Victor Negrescu MEP, S&D negotiator on the guidelines for the EU budget for 2023, said:
“We called for a 2023 European Budget that rises to the challenges created by the recent pandemic and the war in Ukraine, while maintaining funding for our long-standing key priorities and reinforcing the EU’s resilience and common values. We need a common European answer to the energy crisis, rising inflation, the increasing prices for agricultural goods and the economic and social effects of the pandemic and the war. We have to reduce our dependency on Russian natural resources, help the countries on the frontline and provide solutions to the global and humanitarian challenges. It was our political group that pushed for all these issues to be integrated in the European Parliament’s guidelines for the 2023 budget and we expect to see them addressed in next year’s budget. We therefore call on the European Commission and the European Council to rise to the occasion and propose an ambitious budget for 2023.”
Eider Gardiazabal Rubial MEP, S&D spokesperson on budgetary issues, said:
“The Union’s budget for 2023 cannot be business as usual. We have immense challenges in front of us, amplified by the Russian aggression against Ukraine. We therefore need a budget that will allow us to continue supporting Ukraine, provide direly needed humanitarian assistance to people fleeing the war, help neighbouring countries welcoming refugees and fight against the inequalities and poverty increasing within our Union as a result of the sky-high energy prices and high inflation. The war in Ukraine also showcases the absolute urgency of investing in a socially inclusive green and digital transition, to limit our energy dependence on Russia and ensure food security for all. Building a sustainable, resilient and democratic future for our Union and our neighbourhood starts now and the 2023 budget needs to reflect this aspiration.”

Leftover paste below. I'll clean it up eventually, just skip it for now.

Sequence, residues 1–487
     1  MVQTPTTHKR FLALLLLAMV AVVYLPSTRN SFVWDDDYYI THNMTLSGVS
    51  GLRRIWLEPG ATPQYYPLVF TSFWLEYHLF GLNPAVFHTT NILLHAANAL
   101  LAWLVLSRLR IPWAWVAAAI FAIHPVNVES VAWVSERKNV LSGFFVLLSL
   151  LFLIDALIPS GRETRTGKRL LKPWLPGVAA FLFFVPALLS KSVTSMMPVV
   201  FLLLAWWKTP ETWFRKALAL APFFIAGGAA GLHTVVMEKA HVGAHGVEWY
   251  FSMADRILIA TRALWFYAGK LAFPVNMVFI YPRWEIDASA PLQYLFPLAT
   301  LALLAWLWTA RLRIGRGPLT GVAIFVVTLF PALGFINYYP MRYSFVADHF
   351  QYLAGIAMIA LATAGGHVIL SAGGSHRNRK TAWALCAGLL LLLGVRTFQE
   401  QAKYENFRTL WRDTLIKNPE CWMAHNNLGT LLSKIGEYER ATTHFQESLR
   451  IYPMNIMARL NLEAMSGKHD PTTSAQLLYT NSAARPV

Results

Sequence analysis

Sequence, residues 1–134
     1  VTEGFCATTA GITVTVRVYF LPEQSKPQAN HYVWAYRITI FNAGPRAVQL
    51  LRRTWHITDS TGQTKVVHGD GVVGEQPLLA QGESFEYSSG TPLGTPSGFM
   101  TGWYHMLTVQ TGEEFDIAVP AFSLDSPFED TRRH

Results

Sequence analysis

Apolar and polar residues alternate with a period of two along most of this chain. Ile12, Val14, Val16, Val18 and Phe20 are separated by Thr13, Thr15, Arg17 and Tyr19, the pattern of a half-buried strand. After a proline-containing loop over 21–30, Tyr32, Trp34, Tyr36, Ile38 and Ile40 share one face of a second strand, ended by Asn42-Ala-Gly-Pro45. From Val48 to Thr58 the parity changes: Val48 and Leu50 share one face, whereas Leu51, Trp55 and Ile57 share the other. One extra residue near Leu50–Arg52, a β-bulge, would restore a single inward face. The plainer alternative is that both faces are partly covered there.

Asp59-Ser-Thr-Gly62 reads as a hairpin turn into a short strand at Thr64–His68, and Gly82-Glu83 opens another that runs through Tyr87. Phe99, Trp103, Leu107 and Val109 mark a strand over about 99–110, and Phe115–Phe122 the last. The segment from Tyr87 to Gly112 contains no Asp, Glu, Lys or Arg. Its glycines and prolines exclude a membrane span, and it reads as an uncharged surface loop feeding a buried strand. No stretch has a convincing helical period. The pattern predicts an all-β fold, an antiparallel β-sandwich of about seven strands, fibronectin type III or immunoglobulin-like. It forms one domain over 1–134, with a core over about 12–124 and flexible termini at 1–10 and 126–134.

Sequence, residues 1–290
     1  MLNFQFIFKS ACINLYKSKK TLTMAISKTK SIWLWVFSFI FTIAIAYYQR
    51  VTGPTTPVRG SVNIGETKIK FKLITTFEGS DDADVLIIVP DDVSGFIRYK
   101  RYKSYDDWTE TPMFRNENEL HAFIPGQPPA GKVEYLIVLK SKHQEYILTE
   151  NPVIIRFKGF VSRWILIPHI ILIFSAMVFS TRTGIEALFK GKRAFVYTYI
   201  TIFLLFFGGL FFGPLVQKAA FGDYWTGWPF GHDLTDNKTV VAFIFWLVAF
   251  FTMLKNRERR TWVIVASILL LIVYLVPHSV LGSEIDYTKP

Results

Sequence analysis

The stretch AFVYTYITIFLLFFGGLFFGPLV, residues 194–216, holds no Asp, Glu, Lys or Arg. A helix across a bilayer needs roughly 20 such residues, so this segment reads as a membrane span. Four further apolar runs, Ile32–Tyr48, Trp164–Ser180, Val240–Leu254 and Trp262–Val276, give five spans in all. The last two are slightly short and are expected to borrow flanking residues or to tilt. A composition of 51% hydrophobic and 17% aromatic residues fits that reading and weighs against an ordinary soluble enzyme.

The report on the 2023 Budget Guidelines – Section III sets out the main political priorities of the European Parliament for the 2023 EU budget. The members of the European Parliament vote on this report as a political message to the European Commission on what the European Union should focus its budget on next year.
Source – S&D (via e-mail)